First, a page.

'First Man': Step-by-'Small Step' Review of Neil Armstrong Film Trailer

Houston, the "First Man" trailer has landed — and with it, a whirlwind of scenes depicting almost a decade of spaceflight history.

Universal Pictures on Friday (June 8) released the first teaser for director Damien Chazelle's upcoming feature film about the first man to walk on the moon, starring actor Ryan Gosling as the late Neil Armstrong. Though not billed as a biopic, "First Man" focuses on Armstrong, his personal life and his NASA career as a research test pilot and NASA astronaut between 1962 and 1969.

Eagle-eyed enthusiasts may have picked up on all of the spacecraft, people and settings featured in the two-and-a-half minute video, but for those who did not, or have yet to read "First Man," historian James Hansen's 2005 authorized biography of Armstrong on which the movie is based, here is a step-by-"small step" review of some of the trailer's key scenes.

Giant (and swift) leap

Saturn V launch from the "First Man" trailer. (Image credit: Universal Pictures)

The trailer opens with the dramatic launch of a Saturn V, the rocket that flew 24 astronauts on nine missions to the moon, including Apollo 11 crewmates Neil Armstrong, Buzz Aldrin and Michael Collins for the first lunar landing in July 1969. [The Apollo Moon Landings: How They Worked (Infographic)]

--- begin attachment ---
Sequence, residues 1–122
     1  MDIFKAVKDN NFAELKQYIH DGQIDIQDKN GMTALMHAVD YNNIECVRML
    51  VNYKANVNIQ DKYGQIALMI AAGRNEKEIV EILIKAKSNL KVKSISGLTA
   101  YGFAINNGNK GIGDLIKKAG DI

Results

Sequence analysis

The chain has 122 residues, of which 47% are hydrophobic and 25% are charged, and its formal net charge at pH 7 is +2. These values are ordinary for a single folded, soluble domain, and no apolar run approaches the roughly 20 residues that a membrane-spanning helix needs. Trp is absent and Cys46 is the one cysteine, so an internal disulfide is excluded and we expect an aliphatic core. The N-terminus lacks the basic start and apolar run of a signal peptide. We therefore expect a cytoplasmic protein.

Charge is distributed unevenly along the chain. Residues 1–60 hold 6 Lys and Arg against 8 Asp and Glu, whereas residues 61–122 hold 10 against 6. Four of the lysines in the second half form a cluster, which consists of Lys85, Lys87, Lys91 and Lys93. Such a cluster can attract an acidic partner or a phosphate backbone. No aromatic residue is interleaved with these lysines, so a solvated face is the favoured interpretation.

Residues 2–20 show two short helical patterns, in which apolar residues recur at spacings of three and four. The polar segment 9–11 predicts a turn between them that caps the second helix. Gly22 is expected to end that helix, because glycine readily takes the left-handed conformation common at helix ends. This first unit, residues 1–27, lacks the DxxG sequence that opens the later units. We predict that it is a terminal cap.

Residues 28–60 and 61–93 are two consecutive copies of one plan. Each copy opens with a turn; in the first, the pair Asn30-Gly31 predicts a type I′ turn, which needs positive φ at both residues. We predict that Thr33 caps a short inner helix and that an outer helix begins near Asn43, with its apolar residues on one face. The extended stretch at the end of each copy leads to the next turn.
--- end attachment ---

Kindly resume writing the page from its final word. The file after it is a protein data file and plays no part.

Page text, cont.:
The spectators shown here include Armstrong (Gosling) and Aldrin (Corey Stoll), which hints to this being the Apollo 8 launch in December 1968. Armstrong and Aldrin were members of the Apollo 8 backup crew and were witnesses to the launch, which sent the first humans to orbit the moon.

In the trailer, the Saturn V clears the tower in about five seconds; in real life, it took twice that time as the massive rocket lumbered off the pad. 

The plume here also more closely resembles that of the space shuttle, with its two solid rocket boosters, than the exhaust of the five F-1 engines that powered the first stage of the Saturn V.

Icon vs. enigma

Neil Armstrong (Ryan Gosling) and Janet Armstrong (Claire Foy) hold hands, from the "First Man" trailer. (Image credit: Universal Pictures)

From the launch, the trailer transitions to the first of several scenes with Armstrong's wife Janet (Claire Foy). Later clips also show their two sons, Mark and Rick. 

Chazelle has been quoted saying that he was drawn to "First Man" because the public only knows the astronaut; the "human himself is a little bit of an enigma." The trailer suggests that the film will be as much about Armstrong's private life as it will show his exploits in flight.

Rigged shot

A glimpse of the multi-axis space test inertia facility, from the "First Man" trailer. (Image credit: Universal Pictures)

Armstrong became an astronaut in 1962 while the Mercury program was still underway. In this scene, we catch a glimpse of the gimbal rig, or multi-axis space test inertia facility, which simulated the tumble-type maneuvers that astronauts might encounter in space. 

"It is this thing that kind of sends you ass over tea kettle. [The astronauts] would only do it for maybe 20 minutes at a time, but in the movie, because we had to get a lot of shots, I was in it for like six to eight hours," Gosling told late night host Jimmy Kimmel in an interview on Friday (June 8).